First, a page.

Movie Review: Interstellar

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Interstellar has been one of the most awaited Hollywood movies of the year, with a lot of hype surrounding it-something which isn’t surprising given that it’s a Christopher Nolan movie.

The plot is set in a futuristic world where saturation of resources has made Earth unsustainable for humans, and revolves around Cooper (Matthew McConaughey), a pilot, engineer and father of two. Cooper along with astronauts from NASA (Dr. Brand, Romilly and Doyle) set off to explore three prospective worlds in another galaxy (courtesy a wormhole that’s been “placed” near Saturn) based on data transmitted by explorers from NASA ( Dr. Miller, Edmunds and Mann) from an earlier expedition. They hope to find at least one suitable new home for the future generations of mankind. Back on Earth, Cooper’s daughter Murfy along with Dr. Brand’s father are attempting to solve an equation related to gravity that could potentially save humans currently living on Earth. Certain anomalies in gravitational patterns play a crucial role in the incidents during the movie.

This has been one of the few experiences I’ve had where the movie hall was completely silent during most of the movie, and barely anyone paid attention to their phones (which is unfortunately very rare these days) because the movie was so gripping and intense!

Everything makes sense at the end with the loose ends tying up in an unexpected manner and once you realise the climax, you’ll definitely be at the edge of your seat wondering what’s going to happen to the characters next. The fine performances by the main characters, Anne Hathaway, Matthew McConaughey and Micheal Caine make the story come alive. Certain scenes will leave you blown away; one death scene in particular, the exploration of Dr. Miller’s planet and the part where the astronauts are travelling through the worm hole. Don’t be embarrassed or surprised if you find your eyes moist during the film, especially during Tom and Murfy’s video messages to their father. Comic relief is included in just the right amount in the form of TARS, the robot’s banter.  Hans Zimmer’s music is brilliant, and makes the scenes even more intense and engaging.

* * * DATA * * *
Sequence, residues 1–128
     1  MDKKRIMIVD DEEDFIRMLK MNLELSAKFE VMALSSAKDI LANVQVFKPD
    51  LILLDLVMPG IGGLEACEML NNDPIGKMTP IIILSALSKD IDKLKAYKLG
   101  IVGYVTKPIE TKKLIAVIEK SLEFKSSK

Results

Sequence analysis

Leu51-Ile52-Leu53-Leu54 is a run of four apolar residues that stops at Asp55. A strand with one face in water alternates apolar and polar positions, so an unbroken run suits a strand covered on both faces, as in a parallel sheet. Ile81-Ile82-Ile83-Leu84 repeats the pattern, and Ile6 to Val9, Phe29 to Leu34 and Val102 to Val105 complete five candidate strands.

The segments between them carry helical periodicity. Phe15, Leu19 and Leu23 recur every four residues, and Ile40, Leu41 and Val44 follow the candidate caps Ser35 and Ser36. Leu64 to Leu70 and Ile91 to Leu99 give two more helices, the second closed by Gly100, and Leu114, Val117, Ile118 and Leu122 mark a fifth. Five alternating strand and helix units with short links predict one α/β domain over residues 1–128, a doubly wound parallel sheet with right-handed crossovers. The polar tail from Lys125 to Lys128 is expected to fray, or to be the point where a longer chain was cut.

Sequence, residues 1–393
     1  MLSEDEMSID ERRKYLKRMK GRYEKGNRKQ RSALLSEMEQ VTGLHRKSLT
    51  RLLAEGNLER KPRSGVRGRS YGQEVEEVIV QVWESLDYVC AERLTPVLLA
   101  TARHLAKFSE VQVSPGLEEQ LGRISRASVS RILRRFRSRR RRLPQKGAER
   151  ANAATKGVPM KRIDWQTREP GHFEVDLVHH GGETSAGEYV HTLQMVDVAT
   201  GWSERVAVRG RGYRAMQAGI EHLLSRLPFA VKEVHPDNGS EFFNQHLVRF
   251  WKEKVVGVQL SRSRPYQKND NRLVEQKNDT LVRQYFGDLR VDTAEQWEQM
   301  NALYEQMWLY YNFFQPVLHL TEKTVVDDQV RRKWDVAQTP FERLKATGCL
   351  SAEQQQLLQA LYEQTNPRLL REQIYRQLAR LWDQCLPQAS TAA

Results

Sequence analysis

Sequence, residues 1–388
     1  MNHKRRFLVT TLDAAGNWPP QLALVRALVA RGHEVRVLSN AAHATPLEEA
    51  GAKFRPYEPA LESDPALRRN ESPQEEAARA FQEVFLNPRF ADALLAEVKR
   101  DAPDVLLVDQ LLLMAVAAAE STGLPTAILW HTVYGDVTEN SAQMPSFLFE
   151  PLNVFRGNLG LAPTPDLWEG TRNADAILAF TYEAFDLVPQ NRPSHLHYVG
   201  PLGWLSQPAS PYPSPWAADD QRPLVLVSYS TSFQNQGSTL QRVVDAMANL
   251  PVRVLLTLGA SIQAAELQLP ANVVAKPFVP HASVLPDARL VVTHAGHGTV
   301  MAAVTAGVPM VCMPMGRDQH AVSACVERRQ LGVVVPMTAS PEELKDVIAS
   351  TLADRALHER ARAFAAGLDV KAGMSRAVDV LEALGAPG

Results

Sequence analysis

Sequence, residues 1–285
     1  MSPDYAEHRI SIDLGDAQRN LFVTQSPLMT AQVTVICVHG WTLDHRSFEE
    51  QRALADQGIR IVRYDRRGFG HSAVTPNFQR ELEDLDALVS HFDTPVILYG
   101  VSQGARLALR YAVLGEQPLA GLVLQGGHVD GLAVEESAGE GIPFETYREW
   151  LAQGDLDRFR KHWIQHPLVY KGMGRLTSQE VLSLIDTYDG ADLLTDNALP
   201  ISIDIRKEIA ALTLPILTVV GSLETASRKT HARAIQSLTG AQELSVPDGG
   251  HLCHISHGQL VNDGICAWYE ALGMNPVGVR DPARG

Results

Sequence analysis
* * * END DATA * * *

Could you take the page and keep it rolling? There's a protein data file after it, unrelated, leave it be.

The special effects are indeed spectacular and the depiction of black holes and fifth dimension has been done in a way that makes the concept both understandable and visually appealing. I was particular fascinated by the idea of time as a physical dimension, something which led to a lot of Google searches after watching the film. The theory of relativity of time has been played with well to add another layer to the movie.

However, one aspect that didn’t seem to really add up was the behaviour of certain characters during the course of the movie. Some of the choices made by Dr. Mann, Professor Brand and Tom seem uncharacteristic at times, and can leave you feeling confused about their decisions.  I felt certain parts like Dr. Brand and Edmunds’ story could have been focused on some more (or alternatively, removed entirely), but I guess that just gives the audience more to think about.
Apart from that, I can also see a lot of people feeling as though the plot of the story went above their heads (which also happened with Nolan’s Inception). At times, the science behind the story seemed to overpower the scenes a little too much, which made some scenes feel heavy and stretched.

What I liked the best about the movie is that it reinforces the idea that humans have always been, and always should be explorers by nature; looking towards the next frontier and constantly moving forward. The realisation of our insignificance in terms of the bigger picture and the vastness of the unknown should only propel our growth and curiosity as a race.

To sum up, whether or not you truly liked the movie, Interstellar is a film you’ll end up having lengthy discussions over, long after it has ended.

wants to live in a world where afternoon naps are completely acceptable, regardless of age and work profile. The Editor around here, she's currently studying Bachelor of Business Studies at DDUC. Now that she's in her final year, she looks forward to making fucchas do all her work. Drop her an email at [email protected]; for questions, feedback or just to say hello!

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